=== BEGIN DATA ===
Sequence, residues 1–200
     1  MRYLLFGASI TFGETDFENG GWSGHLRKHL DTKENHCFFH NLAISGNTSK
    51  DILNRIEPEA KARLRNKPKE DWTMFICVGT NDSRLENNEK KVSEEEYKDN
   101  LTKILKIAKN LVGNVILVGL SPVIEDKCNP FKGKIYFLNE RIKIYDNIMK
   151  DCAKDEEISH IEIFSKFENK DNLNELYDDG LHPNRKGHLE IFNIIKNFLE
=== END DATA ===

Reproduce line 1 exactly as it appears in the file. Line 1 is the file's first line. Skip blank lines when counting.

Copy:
Sequence, residues 1–200